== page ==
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Mt. Pulaski , Illinois
April 7, 2014     Times
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April 7, 2014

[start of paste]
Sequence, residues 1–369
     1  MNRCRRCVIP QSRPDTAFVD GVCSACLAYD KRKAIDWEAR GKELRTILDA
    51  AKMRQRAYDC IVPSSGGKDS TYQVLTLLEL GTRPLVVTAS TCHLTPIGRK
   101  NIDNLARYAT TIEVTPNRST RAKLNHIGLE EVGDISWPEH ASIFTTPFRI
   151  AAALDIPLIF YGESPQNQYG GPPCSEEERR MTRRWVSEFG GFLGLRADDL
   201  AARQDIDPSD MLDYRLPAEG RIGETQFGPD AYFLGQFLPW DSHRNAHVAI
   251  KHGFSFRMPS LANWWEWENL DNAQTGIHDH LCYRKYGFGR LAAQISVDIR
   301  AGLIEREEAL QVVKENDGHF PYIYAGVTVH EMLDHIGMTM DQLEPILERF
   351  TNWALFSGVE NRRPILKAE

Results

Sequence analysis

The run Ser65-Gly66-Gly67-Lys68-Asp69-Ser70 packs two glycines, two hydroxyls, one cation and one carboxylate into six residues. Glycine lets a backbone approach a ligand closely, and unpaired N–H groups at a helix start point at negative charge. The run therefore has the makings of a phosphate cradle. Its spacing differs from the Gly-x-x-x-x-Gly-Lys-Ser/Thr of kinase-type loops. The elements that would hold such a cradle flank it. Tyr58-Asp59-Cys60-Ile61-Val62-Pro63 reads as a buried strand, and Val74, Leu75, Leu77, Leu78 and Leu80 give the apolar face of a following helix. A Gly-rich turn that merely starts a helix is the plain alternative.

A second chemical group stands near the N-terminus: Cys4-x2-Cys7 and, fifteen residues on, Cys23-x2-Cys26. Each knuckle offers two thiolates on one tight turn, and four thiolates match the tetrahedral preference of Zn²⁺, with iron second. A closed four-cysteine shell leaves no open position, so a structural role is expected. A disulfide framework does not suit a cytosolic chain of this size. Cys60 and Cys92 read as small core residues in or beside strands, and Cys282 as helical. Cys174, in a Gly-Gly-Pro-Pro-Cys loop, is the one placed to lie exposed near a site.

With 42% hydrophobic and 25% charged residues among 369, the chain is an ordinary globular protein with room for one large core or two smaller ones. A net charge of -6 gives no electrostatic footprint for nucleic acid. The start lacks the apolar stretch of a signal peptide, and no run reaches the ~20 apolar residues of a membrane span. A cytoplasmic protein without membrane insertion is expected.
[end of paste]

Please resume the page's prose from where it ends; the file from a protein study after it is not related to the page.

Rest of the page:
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3 ! tO O i,,a .b . ,.: Louise Ey to Celebrate 95th Birthday Louise Ey, a lifelong resident of Mt. Pulaski, will be 95 years old April 15, 2014. To help her celebrate this milestone, her family of nieces and nephews will gather for a birthday hinch in her honor Saturday, April 26. Louise was born in the house in which she still lives, a fact that still amazes all who know her. She was the fifth and last child of Charles and Louise Ey. Charlie Ey, as he was called, came to Mt Pulaski in 1904 and started a bakery business on South Washington Street. The following year, he returned to Lake Geneva, WI to marry his sweetheart, Louise Von der Hyde, who had just turned 18. They lived above the bakery for a short while before buying the house at 214 LaFayette Street, which was just behind the bakery. There they raised their family that included Otto, Lillian (Hutchcraft), Carl (Bill), Vincent (Cap), and Louise. Louise was still in high school when Brooks Atcheson suggested to her father that he move the bakery up to the square. He said the ladies did not like to walk by so many taverns to get to the bakery. So in 1936, the bakery was moved to the south side of the square where it remained. As soon as the children were old enough, they all worked in the bakery. Louise clerked on Saturdays while in high school and then continued to work there full-time after she fin- ished school. In 1939, she went to Chicago and took a cake- decorating course at the Wilton School of Decorat- ing. After she returned, she took over all the deco- rating of the cakes for weddings, birthdays, and other significant occasions. If you were married in Mt Pulaski between the years of 1940 and 1953, you probably had a beautiful wedding cake decorated by Louise. Louise's brothers were all gone during World War U, and so she, along with her mother and father, ran the bakery with very little extra help. It was a very bus time for the bakery business; since S0 many women w.ere 0rkin.g during the war, they bought more baked goods instead of baking them- selves. Louise's father retired on his 75th birthday in 1953, and so Louise had to find new employment after working in the bakery for over 17 years. She worked for a while at Wagners' Appliance in town, but then went .t Brown's Business College in Springfield in order to prepare for an office position, which she soon found withthe Illinois Department of Revenue. She was with Revenue a little over 17 years. In the meantime, Vonderlieth Living Center opened, and she was approached about working in their housekeeping and dietary departments. She thought it might be interesting to get back in the food business, so she resigned from Revenue and worked at Vonderlieth from October 1973 to 1977 managing the housekeeping and kitchen staff. How- ever, with retirement needs looming, she knew she would be better off returning to a State position if she could. Her old managers at Revenue were de- lighted to have her back, and she worked in that de- partment again from 1978 until November 1986, at which time she retired after 26 and a half, years with the State. After both parents deceased, Louise continued to live in the family home and always played an active role in the lives of her brothers and sister, who all lived in Lincoln or Mt. Pulaski. As they aged, she provided comfort and assistance to her siblings and their families in a myriad of ways. Her sister, LiUian Hutchcraft, lived at Vonderlieth for 18 months be- fore her death, and Louise visited herevery day. Her brother, Cap suffered from macular degeneration in his late 80s and Louise became his main driver and helper so he could continue to live in his home. Her oldest brother, Otto, also depended on her after he was widowed. She drove him to many of his ap- pointments and in fact, Louise is still driving - she just took and passed her driver's exam, which gave her the ability to drive for another year! Louise has two nephews, Dr. John Ey and Ga/:y Ey, both sons of Otto and Pauline Rothwell Ey. John lives in Portland, OR and Gary lives in Springfield. She has one niece, June Hutchcraft Reich, who lives in Western Springs, IL, who is the daughter of Mar- vin and Lillian (Ey) Hutchcraft. They, along with their families, are all looking forward to sharing this monumental birthday with her and feel blessed that she is a part of their lives. Russian President Vladimir Putin has been nominated for the Nobel Peace Prize.